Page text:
Helsingin yliopisto


Helsingin yliopiston verkkojulkaisut

University of Helsinki, Helsinki 2006

Characterization of the molecular components and function of BARE-1, Hin-Mu and Mu transposition machineries

Anna-Helena Saariaho

Doctoral dissertation, June 2006.
University of Helsinki, Faculty of Biosciences, Department of Biological and Environmental Sciences, Division of Genetics and Institute of Biotechnology.

Transposable elements, transposons, are discrete DNA segments that are able to move or copy themselves from one locus to another within or between their host genome(s) without a requirement for DNA homology. They are abundant residents in virtually all the genomes studied, for instance, the genomic portion of TEs is approximately 3% in Saccharomyces cerevisiae, 45% in humans, and apparently more than 70% in some plant genomes such as maize and barley. Transposons plays essential role in genome evolution, in lateral transfer of antibiotic resistance genes among bacteria and in life cycle of certain viruses such as HIV-1 and bacteriophage Mu.

Despite the diversity of transposable elements they all use a fundamentally similar mechanism called transpositional DNA recombination (transposition) for the movement within and between the genomes of their host organisms. The DNA breakage and joining reactions that underlie their transposition are chemically similar in virtually all known transposition systems. The similarity of the reactions is also reflected in the structure and function of the catalyzing enzymes, transposases and integrases. The transposition reactions take place within the context of a transposition machinery, which can be particularly complex, as in the case of the VLP (virus like particle) machinery of retroelements, which in vivo contains RNA or cDNA and a number of element encoded structural and catalytic proteins. Yet, the minimal core machinery required for transposition comprises a multimer of transposase or integrase proteins and their binding sites at the element DNA ends only. Although the chemistry of DNA transposition is fairly well characterized, the components and function of the transposition machinery have been investigated in detail for only a small group of elements.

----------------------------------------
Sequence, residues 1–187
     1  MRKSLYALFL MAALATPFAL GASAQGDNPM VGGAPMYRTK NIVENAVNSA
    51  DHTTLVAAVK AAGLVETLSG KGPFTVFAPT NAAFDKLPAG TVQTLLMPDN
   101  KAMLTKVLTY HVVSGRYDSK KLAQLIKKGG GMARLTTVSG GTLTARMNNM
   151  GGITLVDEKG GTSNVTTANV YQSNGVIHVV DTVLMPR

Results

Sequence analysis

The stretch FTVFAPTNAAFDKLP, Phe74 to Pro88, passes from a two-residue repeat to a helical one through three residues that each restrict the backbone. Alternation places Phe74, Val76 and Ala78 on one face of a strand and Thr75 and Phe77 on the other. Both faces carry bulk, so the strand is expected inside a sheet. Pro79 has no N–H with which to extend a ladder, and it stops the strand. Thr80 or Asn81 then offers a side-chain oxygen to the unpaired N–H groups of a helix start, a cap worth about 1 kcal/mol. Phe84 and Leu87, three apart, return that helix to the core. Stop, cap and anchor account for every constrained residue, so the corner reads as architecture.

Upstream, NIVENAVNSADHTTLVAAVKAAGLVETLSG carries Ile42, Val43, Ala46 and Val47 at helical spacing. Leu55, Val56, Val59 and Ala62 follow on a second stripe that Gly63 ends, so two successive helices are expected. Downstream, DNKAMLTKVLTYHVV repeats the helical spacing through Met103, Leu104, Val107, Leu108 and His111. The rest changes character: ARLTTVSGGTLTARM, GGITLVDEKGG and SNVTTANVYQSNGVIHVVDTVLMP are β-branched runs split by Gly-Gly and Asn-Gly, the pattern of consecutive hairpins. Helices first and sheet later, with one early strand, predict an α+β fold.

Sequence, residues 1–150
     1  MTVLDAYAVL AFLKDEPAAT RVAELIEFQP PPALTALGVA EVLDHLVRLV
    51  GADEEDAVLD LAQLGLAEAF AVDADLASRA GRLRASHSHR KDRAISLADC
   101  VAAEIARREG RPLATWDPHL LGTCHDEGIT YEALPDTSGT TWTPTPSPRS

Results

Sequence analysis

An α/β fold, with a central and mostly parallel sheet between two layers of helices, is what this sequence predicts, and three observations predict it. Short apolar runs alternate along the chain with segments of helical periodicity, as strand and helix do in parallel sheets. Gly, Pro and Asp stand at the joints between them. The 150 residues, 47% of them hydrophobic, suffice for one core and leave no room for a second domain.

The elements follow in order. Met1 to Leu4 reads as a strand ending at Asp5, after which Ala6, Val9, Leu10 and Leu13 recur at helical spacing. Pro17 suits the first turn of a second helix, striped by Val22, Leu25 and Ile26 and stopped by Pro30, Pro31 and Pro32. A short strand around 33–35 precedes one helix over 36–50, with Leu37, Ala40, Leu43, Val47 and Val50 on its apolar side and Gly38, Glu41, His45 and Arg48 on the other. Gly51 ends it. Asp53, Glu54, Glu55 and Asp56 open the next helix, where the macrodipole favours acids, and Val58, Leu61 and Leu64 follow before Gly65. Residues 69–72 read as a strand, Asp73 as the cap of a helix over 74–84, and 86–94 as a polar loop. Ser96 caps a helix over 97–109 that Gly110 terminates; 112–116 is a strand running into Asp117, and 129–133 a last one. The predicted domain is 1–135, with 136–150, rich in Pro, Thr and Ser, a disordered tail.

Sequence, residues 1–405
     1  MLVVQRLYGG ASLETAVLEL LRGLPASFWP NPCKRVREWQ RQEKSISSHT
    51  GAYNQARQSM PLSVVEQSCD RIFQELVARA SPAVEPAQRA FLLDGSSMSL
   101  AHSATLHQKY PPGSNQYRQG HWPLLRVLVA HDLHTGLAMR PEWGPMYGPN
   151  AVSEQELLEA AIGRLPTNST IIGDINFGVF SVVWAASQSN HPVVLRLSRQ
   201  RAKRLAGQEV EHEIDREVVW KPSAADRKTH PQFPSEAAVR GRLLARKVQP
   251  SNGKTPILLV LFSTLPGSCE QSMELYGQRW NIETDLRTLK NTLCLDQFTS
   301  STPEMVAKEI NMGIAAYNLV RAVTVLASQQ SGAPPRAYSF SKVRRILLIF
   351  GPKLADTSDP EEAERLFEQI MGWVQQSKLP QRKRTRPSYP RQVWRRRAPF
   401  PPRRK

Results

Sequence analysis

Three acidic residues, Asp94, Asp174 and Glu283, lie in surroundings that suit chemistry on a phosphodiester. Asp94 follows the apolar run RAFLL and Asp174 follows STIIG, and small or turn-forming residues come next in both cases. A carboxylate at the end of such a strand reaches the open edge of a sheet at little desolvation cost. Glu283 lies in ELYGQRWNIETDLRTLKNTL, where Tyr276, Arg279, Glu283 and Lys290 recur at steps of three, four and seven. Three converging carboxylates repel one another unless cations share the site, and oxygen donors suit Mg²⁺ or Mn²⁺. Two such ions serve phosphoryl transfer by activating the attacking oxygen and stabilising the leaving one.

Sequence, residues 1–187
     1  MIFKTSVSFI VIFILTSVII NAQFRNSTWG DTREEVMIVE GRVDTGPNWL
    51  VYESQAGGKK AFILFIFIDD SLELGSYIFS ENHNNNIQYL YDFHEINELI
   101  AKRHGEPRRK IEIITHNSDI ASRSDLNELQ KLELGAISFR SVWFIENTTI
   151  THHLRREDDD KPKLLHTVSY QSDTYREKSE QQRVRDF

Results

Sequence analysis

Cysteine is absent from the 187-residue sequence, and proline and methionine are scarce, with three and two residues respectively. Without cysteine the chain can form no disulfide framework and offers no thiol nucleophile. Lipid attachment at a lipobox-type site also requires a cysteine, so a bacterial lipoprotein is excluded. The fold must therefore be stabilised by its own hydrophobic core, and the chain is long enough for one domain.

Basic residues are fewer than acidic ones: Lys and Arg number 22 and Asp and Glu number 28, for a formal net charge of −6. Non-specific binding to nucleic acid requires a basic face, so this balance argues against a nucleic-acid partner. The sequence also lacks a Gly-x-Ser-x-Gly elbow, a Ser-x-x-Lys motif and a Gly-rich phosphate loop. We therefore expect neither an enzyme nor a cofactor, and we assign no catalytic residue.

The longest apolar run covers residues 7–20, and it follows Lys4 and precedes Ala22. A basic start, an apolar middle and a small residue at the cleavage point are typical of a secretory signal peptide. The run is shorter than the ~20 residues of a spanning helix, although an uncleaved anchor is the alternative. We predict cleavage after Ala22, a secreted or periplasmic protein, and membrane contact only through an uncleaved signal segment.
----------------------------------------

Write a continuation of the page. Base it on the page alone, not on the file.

This work focuses on the identification, characterization, and functional studies of the molecular components of the transposition machineries of BARE-1, Hin-Mu and Mu. For BARE-1 and Hin-Mu transpositional activity has not been shown previously, whereas bacteriophage Mu is a general model of transposition. For BARE-1, which is a retroelement of barley (Hordeum vulgare), the protein and DNA components of the functional VLP machinery were identified from cell extracts. In the case of Hin-Mu, which is a Mu-like prophage in Haemophilus influenzae Rd genome, the components of the core machinery (transposase and its binding sites) were characterized and their functionality was studied by using an in vitro methodology developed for Mu. The function of Mu core machinery was studied for its ability to use various DNA substrates: Hin-Mu end specific DNA substrates and Mu end specific hairpin substrates. The hairpin processing reaction by MuA was characterized in detail.

New information was gained of all three machineries. The components or their activity required for functional BARE-1 VLP machinery and retrotransposon life cycle were present in vivo and VLP-like structures could be detected. The Hin-Mu core machinery components were identified and shown to be functional. The components of the Mu and Hin-Mu core machineries were partially interchangeable, reflecting both evolutionary conservation and flexibility within the core machineries. The Mu core machinery displayed surprising flexibility in substrate usage, as it was able to utilize Hin-Mu end specific DNA substrates and to process Mu end DNA hairpin substrates. This flexibility may be evolutionarily and mechanistically important.

The title page of the publication

This publication is copyrighted. You may download, display and print it for Your own personal use. Commercial use is prohibited.

© University of Helsinki 2006

Last updated 19.05.2006

Yhteystiedot, Contact information E-thesis Helsingin yliopisto, University of Helsinki